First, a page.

When Joe took over at Leinster in 2010 he did dovetail with much of the structures Michael Cheika had put in place but they have vastly different coaching philosophies. Cheiks is of the Australian set-play school, where a priority was placed on first phase moves, which we were accustomed to, to break down the opposition early then finish them off.

Joe brought a modernised version of rugby to Leinster, slightly ahead of the curve as he tends to be, with a multi-phases approach to engineer scores. Now there was plenty of no-look passing off Johnny Sexton to put Luke Fitzgerald or Brian (O’Driscoll) into open country but the game was vastly different five years ago to what it is now.

That amount of space to attack doesn’t exist anymore. There are so many moving parts now that if any player drops below eight out of ten in the execution of his specific role then the sequence of events cannot create a try.

Last month Ireland so nearly opened Wales up after just 10 minutes. Robbie Henshaw carried off lineout ball, CJ Stander looped around and took out two defenders but just as Rory Best arrived around the corner Conor Murray switched the point of attack in the opposite direction. Ironically the ball was too quick and the switch didn’t lure the Welsh defence into over folding.

We have seen Irish players pounding into brick walls near the French and English try line but coming away with no points because of the sheer volume of defenders. It looks like Ireland lack imagination, that we are playing overly attritional rugby when hitting phase play well into the teens.

When I see a move break down my brain tells me the attack wasn’t mortally wounded at the moment of failure. More often than not the malfunction occurred a few phases earlier when guys clearing a ruck didn’t take enough defenders out of the equation. That’s where Seán O’Brien and Iain Henderson are so badly missed. When they carry they take at least one man to ground with them.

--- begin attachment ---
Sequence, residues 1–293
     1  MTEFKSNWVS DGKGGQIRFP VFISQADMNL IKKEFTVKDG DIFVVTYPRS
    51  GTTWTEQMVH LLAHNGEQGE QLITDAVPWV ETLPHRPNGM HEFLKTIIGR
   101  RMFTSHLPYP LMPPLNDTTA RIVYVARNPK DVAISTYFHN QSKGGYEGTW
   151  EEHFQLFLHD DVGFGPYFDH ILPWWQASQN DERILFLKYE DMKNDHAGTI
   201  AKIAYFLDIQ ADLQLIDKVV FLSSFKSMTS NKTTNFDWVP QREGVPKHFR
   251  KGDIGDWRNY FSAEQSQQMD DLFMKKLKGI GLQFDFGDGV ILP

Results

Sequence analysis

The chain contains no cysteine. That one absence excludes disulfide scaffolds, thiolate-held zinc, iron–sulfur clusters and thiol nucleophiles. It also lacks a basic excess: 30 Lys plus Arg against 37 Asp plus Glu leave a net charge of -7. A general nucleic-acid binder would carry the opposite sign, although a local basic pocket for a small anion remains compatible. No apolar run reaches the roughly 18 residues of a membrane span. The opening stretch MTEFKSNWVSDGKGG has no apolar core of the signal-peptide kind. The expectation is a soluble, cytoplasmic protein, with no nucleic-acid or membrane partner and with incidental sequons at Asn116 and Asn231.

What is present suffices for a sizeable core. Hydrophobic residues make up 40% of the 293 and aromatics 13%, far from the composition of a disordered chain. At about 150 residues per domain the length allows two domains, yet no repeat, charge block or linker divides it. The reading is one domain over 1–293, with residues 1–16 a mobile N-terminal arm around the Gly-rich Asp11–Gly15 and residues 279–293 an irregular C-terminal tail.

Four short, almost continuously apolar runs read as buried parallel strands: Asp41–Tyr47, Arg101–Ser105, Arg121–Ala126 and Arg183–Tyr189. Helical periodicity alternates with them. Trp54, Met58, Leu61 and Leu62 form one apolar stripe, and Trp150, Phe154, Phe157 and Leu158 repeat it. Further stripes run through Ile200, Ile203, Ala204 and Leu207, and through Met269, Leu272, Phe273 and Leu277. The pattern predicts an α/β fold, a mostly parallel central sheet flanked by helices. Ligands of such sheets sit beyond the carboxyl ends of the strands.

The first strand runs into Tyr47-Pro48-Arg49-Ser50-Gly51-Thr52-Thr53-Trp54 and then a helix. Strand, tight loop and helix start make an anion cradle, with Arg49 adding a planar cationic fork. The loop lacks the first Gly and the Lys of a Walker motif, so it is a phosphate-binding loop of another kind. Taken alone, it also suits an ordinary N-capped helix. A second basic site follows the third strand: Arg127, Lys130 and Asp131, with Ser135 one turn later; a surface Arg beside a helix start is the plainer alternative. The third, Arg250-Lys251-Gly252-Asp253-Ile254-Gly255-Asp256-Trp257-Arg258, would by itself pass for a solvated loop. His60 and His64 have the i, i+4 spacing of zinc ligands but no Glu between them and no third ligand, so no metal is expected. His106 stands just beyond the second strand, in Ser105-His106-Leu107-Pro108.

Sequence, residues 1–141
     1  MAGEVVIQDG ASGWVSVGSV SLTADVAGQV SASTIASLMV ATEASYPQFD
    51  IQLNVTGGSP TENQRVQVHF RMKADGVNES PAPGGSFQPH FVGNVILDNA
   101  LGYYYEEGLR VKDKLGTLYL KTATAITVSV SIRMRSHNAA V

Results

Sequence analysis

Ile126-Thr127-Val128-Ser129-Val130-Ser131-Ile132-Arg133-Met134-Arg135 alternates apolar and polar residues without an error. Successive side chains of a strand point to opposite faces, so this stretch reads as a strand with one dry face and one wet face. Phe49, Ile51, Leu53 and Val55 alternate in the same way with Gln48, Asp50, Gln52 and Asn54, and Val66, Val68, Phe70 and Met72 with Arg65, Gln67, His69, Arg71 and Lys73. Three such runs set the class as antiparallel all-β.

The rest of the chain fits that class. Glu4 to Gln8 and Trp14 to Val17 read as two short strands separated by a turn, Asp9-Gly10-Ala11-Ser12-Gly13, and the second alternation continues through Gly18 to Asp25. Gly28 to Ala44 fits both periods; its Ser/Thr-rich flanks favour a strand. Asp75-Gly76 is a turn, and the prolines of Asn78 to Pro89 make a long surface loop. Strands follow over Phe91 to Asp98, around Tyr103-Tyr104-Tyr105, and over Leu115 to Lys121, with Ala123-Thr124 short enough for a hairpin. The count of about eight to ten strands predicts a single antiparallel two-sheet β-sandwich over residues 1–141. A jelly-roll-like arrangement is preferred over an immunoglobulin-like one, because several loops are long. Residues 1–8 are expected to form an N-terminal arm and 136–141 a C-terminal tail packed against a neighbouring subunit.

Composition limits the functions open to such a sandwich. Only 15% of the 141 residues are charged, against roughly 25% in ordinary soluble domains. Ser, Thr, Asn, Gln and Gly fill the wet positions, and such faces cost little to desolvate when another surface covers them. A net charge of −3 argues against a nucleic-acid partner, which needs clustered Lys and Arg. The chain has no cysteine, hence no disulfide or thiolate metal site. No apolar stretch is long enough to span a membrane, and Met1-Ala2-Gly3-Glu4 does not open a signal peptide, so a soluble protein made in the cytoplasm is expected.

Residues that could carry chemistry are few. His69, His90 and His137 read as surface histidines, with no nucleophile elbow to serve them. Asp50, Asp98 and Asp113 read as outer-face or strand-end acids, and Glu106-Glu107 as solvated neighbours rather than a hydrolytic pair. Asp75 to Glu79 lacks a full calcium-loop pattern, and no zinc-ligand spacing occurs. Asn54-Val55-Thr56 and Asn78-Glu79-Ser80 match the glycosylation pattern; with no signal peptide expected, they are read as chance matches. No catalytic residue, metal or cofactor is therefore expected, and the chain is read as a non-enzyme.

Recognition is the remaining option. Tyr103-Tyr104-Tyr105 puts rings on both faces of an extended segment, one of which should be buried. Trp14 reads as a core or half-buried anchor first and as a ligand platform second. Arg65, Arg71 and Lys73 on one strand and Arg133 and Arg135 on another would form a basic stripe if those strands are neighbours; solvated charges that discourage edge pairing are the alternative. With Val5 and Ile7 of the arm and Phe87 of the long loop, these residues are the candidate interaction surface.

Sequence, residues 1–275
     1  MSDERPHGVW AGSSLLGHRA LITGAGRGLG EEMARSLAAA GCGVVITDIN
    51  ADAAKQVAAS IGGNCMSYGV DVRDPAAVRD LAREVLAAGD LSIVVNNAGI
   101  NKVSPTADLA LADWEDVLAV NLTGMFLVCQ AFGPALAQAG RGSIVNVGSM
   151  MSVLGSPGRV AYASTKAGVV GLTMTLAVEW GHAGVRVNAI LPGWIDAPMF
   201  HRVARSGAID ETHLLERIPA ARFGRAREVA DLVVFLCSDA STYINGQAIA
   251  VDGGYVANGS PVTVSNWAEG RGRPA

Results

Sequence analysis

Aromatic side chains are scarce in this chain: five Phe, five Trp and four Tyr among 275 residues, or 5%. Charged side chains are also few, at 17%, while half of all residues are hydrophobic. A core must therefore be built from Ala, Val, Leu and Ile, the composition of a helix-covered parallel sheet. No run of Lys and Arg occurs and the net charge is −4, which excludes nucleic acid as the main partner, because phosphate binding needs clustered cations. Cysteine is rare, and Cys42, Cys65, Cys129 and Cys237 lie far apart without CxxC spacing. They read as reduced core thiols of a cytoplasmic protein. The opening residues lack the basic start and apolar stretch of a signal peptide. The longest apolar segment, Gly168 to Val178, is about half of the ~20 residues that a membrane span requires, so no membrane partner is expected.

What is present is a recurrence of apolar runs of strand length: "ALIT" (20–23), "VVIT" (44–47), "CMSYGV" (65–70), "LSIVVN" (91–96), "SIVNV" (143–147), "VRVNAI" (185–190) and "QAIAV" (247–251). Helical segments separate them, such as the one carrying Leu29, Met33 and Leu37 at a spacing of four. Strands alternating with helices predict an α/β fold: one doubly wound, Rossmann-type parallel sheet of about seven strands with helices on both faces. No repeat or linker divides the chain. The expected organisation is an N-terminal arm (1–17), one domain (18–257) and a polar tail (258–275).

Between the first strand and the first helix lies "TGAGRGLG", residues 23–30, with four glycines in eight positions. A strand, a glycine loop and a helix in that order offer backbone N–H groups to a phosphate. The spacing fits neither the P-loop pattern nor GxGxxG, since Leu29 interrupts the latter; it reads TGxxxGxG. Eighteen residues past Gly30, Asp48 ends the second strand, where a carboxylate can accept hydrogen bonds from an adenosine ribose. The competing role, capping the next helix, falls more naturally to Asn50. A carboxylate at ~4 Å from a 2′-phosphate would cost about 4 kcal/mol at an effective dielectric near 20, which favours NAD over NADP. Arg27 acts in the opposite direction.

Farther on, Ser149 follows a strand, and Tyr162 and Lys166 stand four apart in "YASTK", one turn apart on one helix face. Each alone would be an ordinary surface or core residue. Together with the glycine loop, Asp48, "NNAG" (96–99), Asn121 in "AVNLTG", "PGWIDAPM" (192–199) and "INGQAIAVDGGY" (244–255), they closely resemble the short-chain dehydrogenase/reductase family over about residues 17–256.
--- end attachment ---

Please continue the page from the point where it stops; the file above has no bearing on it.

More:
CJ Stander’s ball-carrying will cause more damage than he could at Twickenham. If Stuart McCloskey gets another run I’d expect him to do just that. Directly and at every opportunity.

Everybody in Carton will be on tenterhooks until Joe names the team tomorrow . He wants his players on edge. It works for us. Irish players when they find themselves in this heavy pressure scenario do the extras on top on the extras. All the preparation is covered, training has been sharp, but you can’t help thinking: ‘what else can I do’? It’s like studying for your final exams. You know the work is done but in those last 48 hours you go back through your notes.

To the players it is still about performance but the public won’t be happy with a swashbuckling, three-try return if we lose 30-27.

So the focus must be on playing 80 one-minute battles. You break everything down. Moment by moment. Make sure every moving part of your performance is at least eight out of 10.

That’s how I was able to survive after moving from wing to centre as a 23-year- old. I went from a few involvements in a game to perpetual motion. Eighty one-minute battles – you become the outhalf’s second set of eyes, the outside centre’s trusted inside shoulder. When you switch off they seem to be making mistakes. You get one mulligan then they 10 and 13 (In my case ROG and Briano) expect you to get it right. If you don’t get up to speed they will go find someone else.

Kevin Maggs, a 70-cap veteran, had been dropped for me so I got the message from a few glances after I missed a tackle or was caught out of position.

Tuned in

Some guys could switch in and out of this mindset. Geordan Murphy could crack a joke with the referee (hence he could captain a club like Leicester) then do something out of the ordinary a moment later. I had to stay tuned in to ensure my standard never dipped. When the ball wasn’t in play I was always scanning the horizon for space. I had to stay within the flow of the game. Before Eddie O’Sullivan picked me for Ireland he would point out that eight good moments, four neutral moments and two errors do not give you a score of plus two in a game.

There must be no negatives actions and the neutral, half-hearted actions have to be eradicated. Ultan Dillane coped well with the step up to Test rugby against England but he only played 15 minutes. He is an incredible athlete who could be a long-term blindside. All his moments against England were positive.

All three of Ireland’s new caps should be challenged to have a bigger impact on the game because they are capable of doing so. Sport can be cruel but hopefully we will retrospectively look back at Twickenham as the launch pad for sustained international careers of Josh van der Flier, McCloskey and Dillane.

Saturday’s Test seems easier and that’s precisely why it isn’t.